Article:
* "I think we need Little Cat C."
 *     -- "The Cat in the Hat Comes Back"  Dr. Seuss
void little_cat(
    const char letter )
    if ( letter == 'Z' )
        little_cat( letter + 1 );
If I ever end up as a tenured professor teaching first year CS, I'm going to put "The Cat in the Hat Comes Back" on the recommend reading list. I'd noticed a couple of weeks ago that the "Little Cats" stored under the Cat's hat were an excellent example of recursion, with Little Cat Z using Voom providing the base case. Also that it's tail recursive (as it should be when cats are involved). This morning while reading it once more to Daniel I noticed that the first half of the book illustrates iteration, too, with the cat transferring the spot from place to place.
  • Current Music
    Steeleye Span - King Henry
Zen-chan (smoothed)

On the Naming of Variables

Sometimes I hate trying to name things in my programs. I work hard to try to come up with really descriptive, clear, standardized names since I think that it makes the programs much easier to understand. My programs may be a bit more verbose than some but they also tend to read pretty well. Besides, long names are why we have M-/ in Emacs.

Sometimes the right name is immediately apparent and it just jumps out and writes itself into the code. Other times, it's rather difficult. I know the Extreme Programming folks talk about finding metaphors as descriptions for what a program is supposed to do. Admittedly naming something in a program is pretty much a matter of finding a metaphor for that entity. But it feels like sometimes, even when you know what the metaphor for something should be, it still doesn't quite feel right as a name. I think sometimes there's more overlap between writing good prose and writing good code than we programmers will admit. In both cases just finding the right word can be a challenging struggle.

This evening I'd planned to do some refactoring in my renderer and merge a pair of classes together. I'm happy with what I plan to call the new class but was stopped in my tracks trying to thing of a name by which the references to the instances should be propagated around. Oh well, I'd rather take a little more time to think it through and get it right.
  • Current Music
    Dwelling of Duels: Reign of the Mana Sword
Zen-chan (smoothed)


I suppose I really ought to actually start posting here, rather than using this account simply for lurking. So with that I'll offer a few small tidbits from the last few days.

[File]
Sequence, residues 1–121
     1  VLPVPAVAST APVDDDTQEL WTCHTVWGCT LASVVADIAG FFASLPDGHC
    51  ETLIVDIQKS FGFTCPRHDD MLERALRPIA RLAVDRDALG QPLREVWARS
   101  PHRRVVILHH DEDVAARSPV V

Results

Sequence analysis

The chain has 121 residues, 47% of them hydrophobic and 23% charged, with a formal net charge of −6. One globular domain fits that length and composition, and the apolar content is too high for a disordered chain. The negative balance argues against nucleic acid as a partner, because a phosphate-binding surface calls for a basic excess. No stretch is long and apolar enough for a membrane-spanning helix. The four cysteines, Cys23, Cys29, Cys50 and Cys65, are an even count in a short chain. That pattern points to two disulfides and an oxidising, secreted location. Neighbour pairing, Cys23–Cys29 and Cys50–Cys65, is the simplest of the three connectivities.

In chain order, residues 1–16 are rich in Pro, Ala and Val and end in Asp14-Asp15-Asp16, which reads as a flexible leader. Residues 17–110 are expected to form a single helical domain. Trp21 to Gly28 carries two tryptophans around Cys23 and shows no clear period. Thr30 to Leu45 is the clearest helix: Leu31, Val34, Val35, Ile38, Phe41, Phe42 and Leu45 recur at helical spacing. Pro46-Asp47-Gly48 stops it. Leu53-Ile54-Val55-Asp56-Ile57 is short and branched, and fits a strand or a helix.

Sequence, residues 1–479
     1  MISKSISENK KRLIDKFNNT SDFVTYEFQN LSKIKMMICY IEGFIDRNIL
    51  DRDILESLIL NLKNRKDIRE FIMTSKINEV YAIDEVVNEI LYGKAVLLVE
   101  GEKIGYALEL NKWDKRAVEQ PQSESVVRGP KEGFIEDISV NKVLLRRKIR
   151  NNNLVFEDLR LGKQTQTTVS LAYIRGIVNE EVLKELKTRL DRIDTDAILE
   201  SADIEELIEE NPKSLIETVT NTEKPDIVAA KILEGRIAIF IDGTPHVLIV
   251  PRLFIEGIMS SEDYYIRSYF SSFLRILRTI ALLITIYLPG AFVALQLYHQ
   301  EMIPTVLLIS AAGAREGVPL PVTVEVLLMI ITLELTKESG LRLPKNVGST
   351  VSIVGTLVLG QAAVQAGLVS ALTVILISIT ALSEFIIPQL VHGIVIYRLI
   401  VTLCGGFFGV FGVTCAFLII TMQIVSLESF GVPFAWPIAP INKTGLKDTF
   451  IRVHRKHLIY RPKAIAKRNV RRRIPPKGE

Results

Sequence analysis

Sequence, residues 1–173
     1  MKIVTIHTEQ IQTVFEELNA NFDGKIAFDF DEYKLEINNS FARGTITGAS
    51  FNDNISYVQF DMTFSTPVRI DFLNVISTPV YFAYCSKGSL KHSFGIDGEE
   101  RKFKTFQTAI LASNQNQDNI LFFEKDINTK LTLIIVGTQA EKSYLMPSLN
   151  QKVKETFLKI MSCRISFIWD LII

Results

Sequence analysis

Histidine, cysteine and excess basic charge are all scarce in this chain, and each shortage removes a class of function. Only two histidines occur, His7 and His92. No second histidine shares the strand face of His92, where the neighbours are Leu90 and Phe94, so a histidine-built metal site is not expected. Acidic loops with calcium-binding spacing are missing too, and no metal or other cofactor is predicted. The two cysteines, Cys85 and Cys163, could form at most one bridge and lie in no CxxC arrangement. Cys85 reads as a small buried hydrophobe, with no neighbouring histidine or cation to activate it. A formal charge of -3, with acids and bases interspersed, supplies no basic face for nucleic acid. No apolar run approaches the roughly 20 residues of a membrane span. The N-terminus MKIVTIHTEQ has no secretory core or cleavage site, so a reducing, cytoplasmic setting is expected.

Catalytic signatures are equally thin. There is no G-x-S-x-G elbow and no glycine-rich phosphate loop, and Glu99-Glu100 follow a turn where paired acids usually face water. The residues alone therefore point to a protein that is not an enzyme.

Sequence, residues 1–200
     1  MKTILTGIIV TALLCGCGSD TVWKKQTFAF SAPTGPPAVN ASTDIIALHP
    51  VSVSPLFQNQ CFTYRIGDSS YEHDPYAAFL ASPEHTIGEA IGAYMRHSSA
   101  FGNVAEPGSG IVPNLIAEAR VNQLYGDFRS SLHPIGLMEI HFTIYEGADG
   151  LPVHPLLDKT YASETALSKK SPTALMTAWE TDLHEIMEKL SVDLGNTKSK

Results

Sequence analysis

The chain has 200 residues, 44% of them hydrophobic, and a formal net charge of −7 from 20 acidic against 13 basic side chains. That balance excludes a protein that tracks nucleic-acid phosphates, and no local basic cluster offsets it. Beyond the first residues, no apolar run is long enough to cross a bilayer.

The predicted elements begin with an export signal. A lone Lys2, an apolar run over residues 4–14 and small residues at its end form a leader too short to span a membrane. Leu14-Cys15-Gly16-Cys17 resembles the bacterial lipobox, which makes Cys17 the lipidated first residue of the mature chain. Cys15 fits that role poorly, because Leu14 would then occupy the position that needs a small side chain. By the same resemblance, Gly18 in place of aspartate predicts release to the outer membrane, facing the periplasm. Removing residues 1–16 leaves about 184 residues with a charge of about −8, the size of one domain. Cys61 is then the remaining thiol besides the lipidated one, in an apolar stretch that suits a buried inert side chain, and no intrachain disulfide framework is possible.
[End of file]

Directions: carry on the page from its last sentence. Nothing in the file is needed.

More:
I've been doing CS for too long...
Stopping by another grad lab today I noticed a table with a large puzzle showing map of the world. It was probably a 1500-piece puzzle at least, given the area that the border marked off relative to the size of the pieces. So what was the first thing that popped into my head? "Ooh, that looks nice"? Nope. It was "Wait a minute! The complexity of puzzles is quadratic with the number of pieces, not linear!" I was immediately horrified that the thought had even occurred.

On asserts
I was reminded again this weekend why I really ought to be using assert() in my code more. I spent some time trying to track down the cause of spurious bright pixels from one of the particularly nasty-to-code BRDFs in my renderer and found that the BRDF was fine. It was that the code for the sphere primitive which should have been returning a unit-length normal vector was returning one with length three or so. The normal was found by subtracting the sphere's center from intersection point and dividing that by the radius. This works pretty well as long as the intersection point was actually on the sphere, which you'd expect by definition. But once every now and then it snagged on some numerical instability and the computation blew up. This of course broke all sorts of downstream assumptions in my code. Normally I'm pretty at keeping track of all sorts of dependent assumptions like this but every now and then something goes wrong. Using assert() everywhere to sanity check these assumptions would have saved me a few hours. Lesson learned. I'm thinking I might go on an assert()-adding spree soon.

Copy-and-paste code checking
Copy-and-paste code is one of those programming evils that we all preach against and we all do. Yesterday I was doing some pair programming with another guy driving and he copy-and-pasted a line for one component of a vector computation and then started changing and x to y and z respectively. Except that he missed the z and made it a y too. I called him on it and he fixed it, but it got me thinking. It'd be nice if we as programmers could admit that copy-and-paste is going to happen and stop simply chastising each other for the inevitable errors. There are tools for checking other kinds of errors, so why not something to check for copy-and-paste errors? I envision a tool that would do something like a hierarchical diff on the parse tree of the source, looking for adjacent parallel structures that differ by just a few characters. When it finds them, it would look at the parts that differ to see if they form a recognizable pattern. If it sees a pattern like "x, y, z" when it's seen the "x, y, z" pattern in 99 other places it's probably okay. If it sees a pattern like "0, 1, 2" or "1, 3, 5" where there's a linear increment, then it's probably okay. But if it see something like "x, y, y" it could spit out a warning saying, "Hey, dufus, did you really mean that?" It'd be tricky to implement and would probably need a flexible system of heuristics for pattern matching, but it'd sure be nice.
  • Current Music
    Orchestral Game Concert V: Meridian Child (SoM2)